First Full 'Genes to Society' Class of Johns Hopkins Medical Students Graduate
Release Date: 05/23/2013
The 279 School of Medicine graduates come from throughout the United States and more than 20 countries.
A distinguished group of 279 graduates embarked on their future careers as physicians and scientists at the convocation ceremony of the Johns Hopkins University School of Medicine on May 23, 2013, at the Joseph Meyerhoff Symphony Hall in Baltimore.
This is the first graduating class of medical degree students at Johns Hopkins to have completed all four years of a new, innovative curriculum called Genes to Society. The goal of the curriculum is to teach students to think differently about health and disease and to incorporate genetic, socioeconomic and lifestyle factors when evaluating and treating patients.
While the Genes to Society curriculum applies to those studying for an M.D. degree, the school of medicine graduation also included those earning Ph.D. degrees as well as master’s degrees in health sciences informatics and also in medical and biological illustration from the internationally acclaimed Art as Applied to Medicine Program.
A total of 115 M.D. degrees, 137 Ph.D. degrees and 27 master’s degrees were conferred. Nine of the graduates received both an M.D. and a Ph.D. degree. The graduates come from throughout the United States and 23 countries. There are 150 women and 129 men. The oldest graduating student is 46 and the youngest is 23.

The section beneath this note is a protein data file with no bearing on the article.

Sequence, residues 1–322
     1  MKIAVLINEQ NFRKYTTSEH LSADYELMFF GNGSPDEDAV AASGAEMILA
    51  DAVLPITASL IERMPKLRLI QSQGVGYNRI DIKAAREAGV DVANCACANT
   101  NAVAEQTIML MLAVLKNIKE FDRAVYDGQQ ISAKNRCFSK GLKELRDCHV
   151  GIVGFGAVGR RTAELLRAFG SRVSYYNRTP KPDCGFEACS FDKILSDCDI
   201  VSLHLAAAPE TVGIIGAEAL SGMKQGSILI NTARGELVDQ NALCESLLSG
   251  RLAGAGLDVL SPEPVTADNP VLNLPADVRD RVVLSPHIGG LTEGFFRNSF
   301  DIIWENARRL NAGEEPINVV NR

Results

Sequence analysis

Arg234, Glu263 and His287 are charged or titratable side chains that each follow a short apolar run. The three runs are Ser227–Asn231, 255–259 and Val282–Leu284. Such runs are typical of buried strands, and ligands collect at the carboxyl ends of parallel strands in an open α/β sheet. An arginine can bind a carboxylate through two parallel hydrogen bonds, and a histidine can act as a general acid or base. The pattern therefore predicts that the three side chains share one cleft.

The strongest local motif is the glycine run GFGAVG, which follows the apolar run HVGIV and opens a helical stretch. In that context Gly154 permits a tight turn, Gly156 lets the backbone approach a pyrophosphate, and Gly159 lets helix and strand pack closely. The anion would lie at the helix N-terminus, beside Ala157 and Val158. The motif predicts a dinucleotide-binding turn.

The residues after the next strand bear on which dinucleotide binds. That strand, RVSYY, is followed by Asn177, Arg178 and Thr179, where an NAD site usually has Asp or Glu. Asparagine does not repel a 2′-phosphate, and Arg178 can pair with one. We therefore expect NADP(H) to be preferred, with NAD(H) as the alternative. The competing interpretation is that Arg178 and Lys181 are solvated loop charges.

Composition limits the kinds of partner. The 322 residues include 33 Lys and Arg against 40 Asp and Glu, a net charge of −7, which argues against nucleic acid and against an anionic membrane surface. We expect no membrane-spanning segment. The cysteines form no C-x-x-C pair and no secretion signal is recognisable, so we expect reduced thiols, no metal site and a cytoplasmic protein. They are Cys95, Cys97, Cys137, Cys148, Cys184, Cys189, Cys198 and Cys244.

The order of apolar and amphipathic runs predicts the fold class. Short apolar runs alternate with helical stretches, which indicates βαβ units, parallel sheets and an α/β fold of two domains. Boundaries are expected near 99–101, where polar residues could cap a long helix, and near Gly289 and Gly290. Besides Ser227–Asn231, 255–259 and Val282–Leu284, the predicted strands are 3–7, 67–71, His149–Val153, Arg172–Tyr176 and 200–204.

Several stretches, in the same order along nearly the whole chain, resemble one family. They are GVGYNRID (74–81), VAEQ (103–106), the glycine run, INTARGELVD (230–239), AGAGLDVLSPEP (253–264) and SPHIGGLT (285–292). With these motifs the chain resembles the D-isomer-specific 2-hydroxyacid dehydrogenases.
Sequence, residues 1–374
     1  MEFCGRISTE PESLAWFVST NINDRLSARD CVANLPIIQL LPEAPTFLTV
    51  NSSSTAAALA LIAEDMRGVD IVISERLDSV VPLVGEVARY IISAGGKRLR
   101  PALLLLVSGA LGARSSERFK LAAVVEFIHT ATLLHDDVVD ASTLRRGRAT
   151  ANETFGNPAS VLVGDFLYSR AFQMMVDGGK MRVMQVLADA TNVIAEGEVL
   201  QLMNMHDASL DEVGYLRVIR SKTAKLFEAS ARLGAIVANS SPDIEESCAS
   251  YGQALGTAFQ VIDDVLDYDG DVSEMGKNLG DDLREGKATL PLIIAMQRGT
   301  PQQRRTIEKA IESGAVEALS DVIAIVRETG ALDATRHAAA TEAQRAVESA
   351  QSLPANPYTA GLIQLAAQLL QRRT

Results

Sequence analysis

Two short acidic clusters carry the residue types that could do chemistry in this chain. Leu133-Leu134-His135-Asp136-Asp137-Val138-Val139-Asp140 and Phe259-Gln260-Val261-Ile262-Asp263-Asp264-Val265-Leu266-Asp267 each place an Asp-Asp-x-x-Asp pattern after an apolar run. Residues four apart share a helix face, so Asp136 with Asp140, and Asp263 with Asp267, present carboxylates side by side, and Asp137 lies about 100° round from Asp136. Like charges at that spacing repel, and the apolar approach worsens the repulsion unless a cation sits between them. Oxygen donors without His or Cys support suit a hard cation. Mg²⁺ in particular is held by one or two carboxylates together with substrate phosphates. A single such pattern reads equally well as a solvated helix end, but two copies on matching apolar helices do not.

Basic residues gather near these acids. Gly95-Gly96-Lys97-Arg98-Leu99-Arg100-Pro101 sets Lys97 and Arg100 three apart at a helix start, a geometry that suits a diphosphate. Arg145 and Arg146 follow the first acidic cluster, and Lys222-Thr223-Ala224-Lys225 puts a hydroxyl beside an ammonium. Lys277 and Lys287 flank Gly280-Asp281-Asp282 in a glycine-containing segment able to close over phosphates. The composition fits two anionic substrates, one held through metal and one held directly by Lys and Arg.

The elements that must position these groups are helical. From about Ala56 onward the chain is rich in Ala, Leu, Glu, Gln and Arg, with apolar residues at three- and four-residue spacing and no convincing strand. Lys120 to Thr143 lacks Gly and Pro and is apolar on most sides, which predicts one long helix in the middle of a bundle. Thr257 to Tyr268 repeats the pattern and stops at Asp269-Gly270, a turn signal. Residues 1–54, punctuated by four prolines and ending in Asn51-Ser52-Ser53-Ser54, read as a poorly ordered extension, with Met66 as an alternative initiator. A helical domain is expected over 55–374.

Dr. Paul Rothman Johns Hopkins University School of Medicine Convocation May 23, 2013
Convocation Address | Johns Hopkins University School of Medicine May 23, 2013
Jon Lorsch, Ph.D., Professor of Biophysics and Biophysical Chemistry, delivers the keynote address at the Johns Hopkins University School of Medicine Convocation.
Dr. Rothman's Message to the Class of 2013
“The Genes to Society curriculum is another example of Johns Hopkins’ leadership in medical education for the past 130 years,” says Paul B. Rothman, M.D., dean of the school of medicine and CEO of Johns Hopkins Medicine. “We are preparing students to identify the unique factors that impact the health of individuals and the broader community, and to navigate the tremendous changes that are occurring in the nation’s health care landscape.”
Dr. Lorsch's Convocation Speech
The convocation speech was delivered by Jon Lorsch, Ph.D., a professor in the Department of Biophysics and Biophysical Chemistry who will become the director of the National Institute of General Medical Sciences this summer.
About the Genes to Society Curriculum
Genes to Society includes courses on health care disparities, patient safety and palliative care. Topics such as ethics, population health and the structure of health care systems are woven throughout the curriculum. There is more focus on education about substance abuse and pain management. Students begin interacting with patients and learning clinical interviewing skills in their first week of medical school.
“Our goal at Johns Hopkins is to train the next generation of leaders in medicine and biomedical science,” says Roy Ziegelstein, M.D., vice dean for education at the Johns Hopkins University School of Medicine. “It is so wonderful to watch students celebrate their personal accomplishments knowing that their hard work and dedication, and the training that they received here, will allow them to make amazing contributions to scientific discovery and the health of our population for many years to come.”